United States of America, Plaintiff-appellee, v. Anthony Keith Allen, Aka: Tony Mitchell, Defendant-appellant, 892 F.2d 1047 (9th Cir. 1989)Annotate this Case
Submitted July 25, 1989. *Decided Dec. 21, 1989
Before JAMES R. BROWNING, KOZINSKI and RYMER, Circuit Judges.
Allen appeals pro se the district court's denial of his motion to vacate his sentence under 28 U.S.C. § 2255, alleging that he was denied effective assistance of counsel and that his sentence was illegal under Fed. R. Crim. P. 32.
Allen was not deprived of the direct appeal of his conviction due to ineffectiveness of counsel. The record establishes that counsel withdrew the appeal with Allen's express written consent. Allen has failed to demonstrate either that his counsel's conduct "fell below an objective standard of reasonableness," or that there is a reasonable probability that, but for counsel's alleged unprofessional errors, the outcome of the proceeding would have been different. Kimmelman v. Morrison, 477 U.S. 365, 375, 106 S. Ct. 2574, 91 L. Ed. 2d 305 (1986).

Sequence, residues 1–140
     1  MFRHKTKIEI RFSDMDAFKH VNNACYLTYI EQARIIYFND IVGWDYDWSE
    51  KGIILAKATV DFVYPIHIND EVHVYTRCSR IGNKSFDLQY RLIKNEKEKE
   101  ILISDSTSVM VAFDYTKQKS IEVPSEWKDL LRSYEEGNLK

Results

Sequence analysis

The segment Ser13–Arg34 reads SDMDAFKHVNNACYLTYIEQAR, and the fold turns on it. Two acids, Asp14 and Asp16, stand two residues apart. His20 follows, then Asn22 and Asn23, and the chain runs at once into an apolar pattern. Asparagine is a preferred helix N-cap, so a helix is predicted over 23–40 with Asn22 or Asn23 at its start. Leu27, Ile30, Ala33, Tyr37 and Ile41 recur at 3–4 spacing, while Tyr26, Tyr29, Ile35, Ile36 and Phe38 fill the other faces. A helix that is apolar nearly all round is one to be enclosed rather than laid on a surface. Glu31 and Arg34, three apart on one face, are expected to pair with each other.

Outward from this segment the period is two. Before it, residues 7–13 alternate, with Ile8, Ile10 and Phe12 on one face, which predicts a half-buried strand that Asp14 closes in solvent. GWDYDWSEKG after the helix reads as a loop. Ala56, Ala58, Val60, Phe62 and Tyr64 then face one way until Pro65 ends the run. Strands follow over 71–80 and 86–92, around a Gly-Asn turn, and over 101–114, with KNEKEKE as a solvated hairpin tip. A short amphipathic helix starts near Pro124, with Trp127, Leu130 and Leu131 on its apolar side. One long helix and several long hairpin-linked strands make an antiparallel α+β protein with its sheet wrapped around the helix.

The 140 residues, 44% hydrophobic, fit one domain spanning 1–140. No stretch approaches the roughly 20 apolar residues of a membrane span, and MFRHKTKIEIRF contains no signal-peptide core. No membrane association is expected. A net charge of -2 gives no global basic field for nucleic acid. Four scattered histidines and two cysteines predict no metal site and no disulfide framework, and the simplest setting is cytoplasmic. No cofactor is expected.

Allen's contention that his sentence is illegal because the sentencing judge failed to comply with Fed. R. Crim. P. 32 is also without merit. The record establishes that appellant was given an adequate opportunity to read the presentence report and to discuss it with counsel, and that defendant in fact did so, thus satisfying Rule 32(a) (1). See United States v. Lewis, 880 F.2d 243 (9th Cir. 1989). The court's alleged noncompliance with Rule 32(a) (2) by neglecting to inform Allen of his right to appeal is at most harmless error, since Allen filed a timely notice of appeal (which he later withdrew). See Fed. R. Crim. P. 52. Finally, in imposing sentence, Judge Burke made the determination that Allen was a heroin dealer. Allen has failed to prove that this determination was "false or unreliable," as he must do in order to prevail on his 28 U.S.C. § 2255 motion attacking his sentence. See Jones v. United States, 783 F.2d 1477, 1481 (9th Cir. 1986); United States v. Ibarra, 737 F.2d 825, 827 (9th Cir. 1984).